From its charming cover to the the cast of cats in the characters, Melissa Daley’s Christmas at the Cat Cafe` glows with all that is merry and bright. Set in the town of Stourton-on-the-Hill, owner Debbie allows her sister to move in after a heartbreak. But that doesn’t sit well with the cat side of the home, Molly and her three kittens, who are soon at the mercy of Linda’s dog, Beau. Things go from bad to worse when another cat threatens Molly’s home ground.

With Molly’s point of view at the forefront, this tale is a holiday delight for cat and animal lovers.

Olga Wojtas: Miss Blaine’s Prefect and the Golden Samovar/The Bunburry Mysteries Wednesday, Dec 5 2018 

Please welcome Olga Wojtas, author of the new Bunburry series, which has been described as a mix between Miss Marple and Midsomer Murders. She’s here to talk about Miss Blaine’s Prefect and the Golden Samovar, a time-travel mystery with an inept sleuth, written as an homage to writer Muriel Spark.

Greetings from Edinburgh, Scotland, where I went to high school, and where I still live and work. The writer Muriel Spark was a fellow alumna of James Gillespie’s High School, which she immortalised as Marcia Blaine School for Girls in her iconic novel, “The Prime of Miss Jean Brodie.”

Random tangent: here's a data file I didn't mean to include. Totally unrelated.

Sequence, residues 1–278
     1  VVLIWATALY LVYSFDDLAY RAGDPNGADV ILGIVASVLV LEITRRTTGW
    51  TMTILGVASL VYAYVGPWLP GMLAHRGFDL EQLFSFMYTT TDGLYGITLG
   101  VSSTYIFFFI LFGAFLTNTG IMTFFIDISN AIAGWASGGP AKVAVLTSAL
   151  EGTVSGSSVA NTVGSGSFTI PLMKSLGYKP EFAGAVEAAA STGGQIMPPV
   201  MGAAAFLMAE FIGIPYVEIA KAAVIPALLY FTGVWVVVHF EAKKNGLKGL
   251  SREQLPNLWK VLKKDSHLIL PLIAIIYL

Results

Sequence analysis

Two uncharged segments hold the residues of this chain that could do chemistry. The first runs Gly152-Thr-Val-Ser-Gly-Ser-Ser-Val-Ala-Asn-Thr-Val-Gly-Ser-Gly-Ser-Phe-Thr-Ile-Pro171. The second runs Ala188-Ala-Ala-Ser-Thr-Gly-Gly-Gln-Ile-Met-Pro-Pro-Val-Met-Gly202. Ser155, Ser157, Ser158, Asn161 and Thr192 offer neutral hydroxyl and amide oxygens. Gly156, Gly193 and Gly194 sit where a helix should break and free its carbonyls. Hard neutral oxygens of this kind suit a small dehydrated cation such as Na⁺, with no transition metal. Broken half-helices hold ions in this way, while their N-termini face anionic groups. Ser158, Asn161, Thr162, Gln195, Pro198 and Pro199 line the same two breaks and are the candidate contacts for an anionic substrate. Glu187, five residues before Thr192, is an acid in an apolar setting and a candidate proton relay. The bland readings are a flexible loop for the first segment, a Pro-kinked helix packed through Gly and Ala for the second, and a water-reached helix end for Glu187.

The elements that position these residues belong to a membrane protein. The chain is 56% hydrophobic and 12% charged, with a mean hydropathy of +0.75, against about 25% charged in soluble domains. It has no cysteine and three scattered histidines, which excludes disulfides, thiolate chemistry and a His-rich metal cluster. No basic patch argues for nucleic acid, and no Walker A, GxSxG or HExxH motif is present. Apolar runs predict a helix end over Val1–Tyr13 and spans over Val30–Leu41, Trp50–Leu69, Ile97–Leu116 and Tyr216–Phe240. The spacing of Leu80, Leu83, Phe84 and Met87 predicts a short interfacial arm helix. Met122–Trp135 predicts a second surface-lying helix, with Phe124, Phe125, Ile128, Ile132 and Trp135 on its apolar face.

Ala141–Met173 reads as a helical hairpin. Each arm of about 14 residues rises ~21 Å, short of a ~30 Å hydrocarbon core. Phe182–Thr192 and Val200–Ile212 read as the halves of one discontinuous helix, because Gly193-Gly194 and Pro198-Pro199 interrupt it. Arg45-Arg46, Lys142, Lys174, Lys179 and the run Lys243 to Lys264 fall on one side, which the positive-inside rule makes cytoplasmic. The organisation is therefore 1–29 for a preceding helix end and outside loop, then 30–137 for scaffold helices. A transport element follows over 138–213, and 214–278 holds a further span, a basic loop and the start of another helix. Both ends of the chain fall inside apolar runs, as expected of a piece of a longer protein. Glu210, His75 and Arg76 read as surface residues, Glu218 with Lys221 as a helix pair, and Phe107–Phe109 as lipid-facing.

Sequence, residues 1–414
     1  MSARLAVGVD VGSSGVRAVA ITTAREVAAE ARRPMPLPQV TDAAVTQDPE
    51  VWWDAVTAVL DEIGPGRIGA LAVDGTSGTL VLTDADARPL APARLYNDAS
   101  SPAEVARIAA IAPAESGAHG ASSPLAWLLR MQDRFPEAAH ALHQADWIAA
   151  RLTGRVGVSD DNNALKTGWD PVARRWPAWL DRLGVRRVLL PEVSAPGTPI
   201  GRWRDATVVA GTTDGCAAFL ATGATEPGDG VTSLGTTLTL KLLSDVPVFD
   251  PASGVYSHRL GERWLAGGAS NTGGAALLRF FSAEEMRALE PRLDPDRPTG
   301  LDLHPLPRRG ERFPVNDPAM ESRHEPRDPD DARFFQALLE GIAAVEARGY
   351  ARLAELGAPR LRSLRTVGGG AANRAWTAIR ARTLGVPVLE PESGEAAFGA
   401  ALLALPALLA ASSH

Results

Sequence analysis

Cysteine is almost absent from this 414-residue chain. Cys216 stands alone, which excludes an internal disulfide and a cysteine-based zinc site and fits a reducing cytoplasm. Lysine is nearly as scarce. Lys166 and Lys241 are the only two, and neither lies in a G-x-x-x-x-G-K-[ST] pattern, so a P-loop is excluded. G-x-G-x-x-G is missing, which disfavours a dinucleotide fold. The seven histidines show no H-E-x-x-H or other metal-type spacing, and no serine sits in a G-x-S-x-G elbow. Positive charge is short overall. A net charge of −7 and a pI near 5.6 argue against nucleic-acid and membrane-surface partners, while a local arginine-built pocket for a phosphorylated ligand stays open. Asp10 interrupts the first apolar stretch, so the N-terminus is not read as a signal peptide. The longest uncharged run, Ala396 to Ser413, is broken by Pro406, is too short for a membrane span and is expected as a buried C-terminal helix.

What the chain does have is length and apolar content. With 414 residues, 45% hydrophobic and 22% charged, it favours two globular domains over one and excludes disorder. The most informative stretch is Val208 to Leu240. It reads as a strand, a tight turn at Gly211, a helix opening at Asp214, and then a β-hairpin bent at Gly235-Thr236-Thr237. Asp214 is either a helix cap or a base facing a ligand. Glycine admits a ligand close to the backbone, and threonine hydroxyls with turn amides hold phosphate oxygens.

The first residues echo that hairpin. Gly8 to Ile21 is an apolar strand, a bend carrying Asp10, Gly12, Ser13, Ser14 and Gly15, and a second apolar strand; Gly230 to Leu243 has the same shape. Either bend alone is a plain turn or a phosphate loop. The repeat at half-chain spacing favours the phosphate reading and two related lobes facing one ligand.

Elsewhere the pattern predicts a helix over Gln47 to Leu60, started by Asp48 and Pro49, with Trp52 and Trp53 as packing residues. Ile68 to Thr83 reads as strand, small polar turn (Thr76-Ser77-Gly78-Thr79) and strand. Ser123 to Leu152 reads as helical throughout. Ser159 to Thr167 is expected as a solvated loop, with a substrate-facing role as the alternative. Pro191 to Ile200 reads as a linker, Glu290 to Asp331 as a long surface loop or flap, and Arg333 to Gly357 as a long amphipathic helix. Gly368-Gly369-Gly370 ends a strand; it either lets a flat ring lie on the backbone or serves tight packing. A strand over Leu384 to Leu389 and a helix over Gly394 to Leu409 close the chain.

That’s what inspired my novel, Miss Blaine’s Prefect and the Golden Samovar. It’s a wacky romp featuring 50-something librarian Shona McMonagle, a former pupil sent on a time-travelling mission to 19th century Russia by Miss Blaine herself.

Shona has a generally sunny disposition, apart from her deep loathing of The Prime of Miss Jean Brodie, which she thinks gives her alma mater a bad name. Impeccably educated, and an accomplished martial artist, linguist and musician, she is thrilled to be chosen for the one- week mission, which she deduces is to pair up the beautiful, shy, orphaned heiress Lidia Ivanovna with Sasha, a gorgeous young man of unexplained origins.

But despite having had the finest education in the world, Shona might well have got the wrong end of the stick about her mission. In fact, she arguably qualifies for the grand Scottish word “numpty” (according to The Urban Dictionary, “A person who is incapable of performing the simplest of tasks correctly”). As the body count rises, will she discover in time who the villain is?

It’s unusual to have a crime novel in which the protagonist is completely inept. But my aim is to have that as part of the comedy. Astute readers like yourself will pick up on the clues long before Shona does, and I hope you’ll have fun watching her get into deeper and deeper water (literally, at one point, when she’s the victim of an attempted drowning). If you’re a fan of Jeeves and Wooster, one of the loveliest reviews I’ve had described my book as “Anna Karenina written by P G Wodehouse”. Shona is something of a female Bertie Wooster, touchingly unaware of her own limitations and, I hope, endearing with it.